The Historic Site as a Cultural Text:

A Geography of Heritage in Calgary, Alberta

Patricia K. Wood
York University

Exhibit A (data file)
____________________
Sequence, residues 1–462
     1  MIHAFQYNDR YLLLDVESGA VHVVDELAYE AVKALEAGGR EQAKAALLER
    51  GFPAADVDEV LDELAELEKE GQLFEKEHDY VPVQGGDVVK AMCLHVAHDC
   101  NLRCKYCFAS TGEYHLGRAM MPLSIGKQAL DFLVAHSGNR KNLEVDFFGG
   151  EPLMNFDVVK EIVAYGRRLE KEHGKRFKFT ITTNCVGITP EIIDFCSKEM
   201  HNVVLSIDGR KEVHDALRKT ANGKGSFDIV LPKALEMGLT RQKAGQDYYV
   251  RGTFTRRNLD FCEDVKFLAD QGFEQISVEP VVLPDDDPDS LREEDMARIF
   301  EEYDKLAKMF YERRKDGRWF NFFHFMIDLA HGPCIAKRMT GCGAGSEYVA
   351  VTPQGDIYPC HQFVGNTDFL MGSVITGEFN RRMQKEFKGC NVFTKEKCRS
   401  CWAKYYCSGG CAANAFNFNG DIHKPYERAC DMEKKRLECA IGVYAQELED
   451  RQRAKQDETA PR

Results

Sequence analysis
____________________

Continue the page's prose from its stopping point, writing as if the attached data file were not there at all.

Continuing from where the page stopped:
Historic sites serve their communities with an authorship of public memory at least as influential as more formal, written history. Drawing a distinction between museums and historic sites, where there is an attempt not only to reveal and represent history, but also to re-create place, this paper argues that the interpretation of history at such sites is frustrated by their structure and their attempts to animate the past, resulting in an aesthetic of "heritage." Focussing on two sites in Calgary, Heritage Park Historical Village and Fort Calgary Historic Park, I examine the ways in which history and heritage are constituted in this urban centre. Both sites operate within a cultural environment that values the concept of "heritage" over history. At these sites, history is told in a limited way, with an emphasis on practical uses in the present, particularly entertainment and profit. Moreover, in Calgary, the past is confined to particular spaces; such spatial fracturing of time serves to render the past irrelevant to the present-day economic and political development of the city.